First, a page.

clinical-case-reports-Intimal-flap

Figure 1: Intimal flap (arrow) pulled into the left ventricle during diastole.

clinical-case-reports-Intimal-flap

Figure 2: Intimal flap (arrow) pushed back into the ascending aorta during systole.

Discussion

The operative strategy for acute type A aortic dissection has improved, and in-hospital mortality has decreased significantly over a 20-year timespan [1,2]. Okita reported that 4,444 patients with acute type A aortic dissection underwent surgical procedures in Japan, and the overall hospital mortality was 9.1% in 2013 [3]. However, endorgan malperfusion was reported to occur in 16% to 33% of patients with acute type A aortic dissection, representing a significant cause of operative death [4]. The rapid maintenance of hemodynamics can result in improved outcomes in patients with critical complications.

Cases of complete circumferential detachment of the intima in the ascending aorta and inversion of the intimal flap are very rare. This type of dissection was first reported by Bostroen in 1887 and was described as “inversion of the inner cylinder” by Chiari in 1909. Hufnagel named it “intimo-intimal intussusception” in 1962 [5] and since then cases have been reported in approximately 40 articles [6-8]. A preoperative shock state and acute severe AR have been frequently reported in patients with intimo-intimal intussusception. The published reports on circumferential acute type A aortic dissection with intimo-intimal intussusception indicate that the operative mortality is 22%. Because the unique change in the intima may cause hemodynamic devastation, this condition could be fatal. Therefore, the prompt establishment of CPB is required to prevent extensive organ damage.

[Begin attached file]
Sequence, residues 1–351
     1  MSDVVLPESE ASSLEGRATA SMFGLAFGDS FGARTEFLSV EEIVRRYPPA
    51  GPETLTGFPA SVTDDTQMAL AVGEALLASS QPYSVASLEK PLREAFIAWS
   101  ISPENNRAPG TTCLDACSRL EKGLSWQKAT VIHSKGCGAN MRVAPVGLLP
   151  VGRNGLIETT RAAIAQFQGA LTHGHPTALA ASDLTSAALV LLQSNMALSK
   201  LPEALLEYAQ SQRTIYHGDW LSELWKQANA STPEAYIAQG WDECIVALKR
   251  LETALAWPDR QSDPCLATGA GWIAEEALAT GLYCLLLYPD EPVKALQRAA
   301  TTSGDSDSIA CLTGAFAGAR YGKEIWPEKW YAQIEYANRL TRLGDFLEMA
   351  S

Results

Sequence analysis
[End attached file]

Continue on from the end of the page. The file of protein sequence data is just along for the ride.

When the rapid establishment of CPB is mandatory, one important issue is the cannulation strategy. Femoral artery cannulation, axillary artery cannulation, and central aortic cannulation are the three major cannulation strategies that have been adopted in many centers worldwide. Femoral cannulation has been selected in most institutes based on previous reports of circumferential acute type A aortic dissection. Although femoral cannulation is considered easy and advantageous in hemodynamically unstable patients, embolic complications caused by atheromatous emboli are possible.4 Severe atherosclerosis in the distal arch, thoracoabdominal aorta, or iliofemoral system on preoperative computed tomography may be a reason to avoid femoral cannulation [9].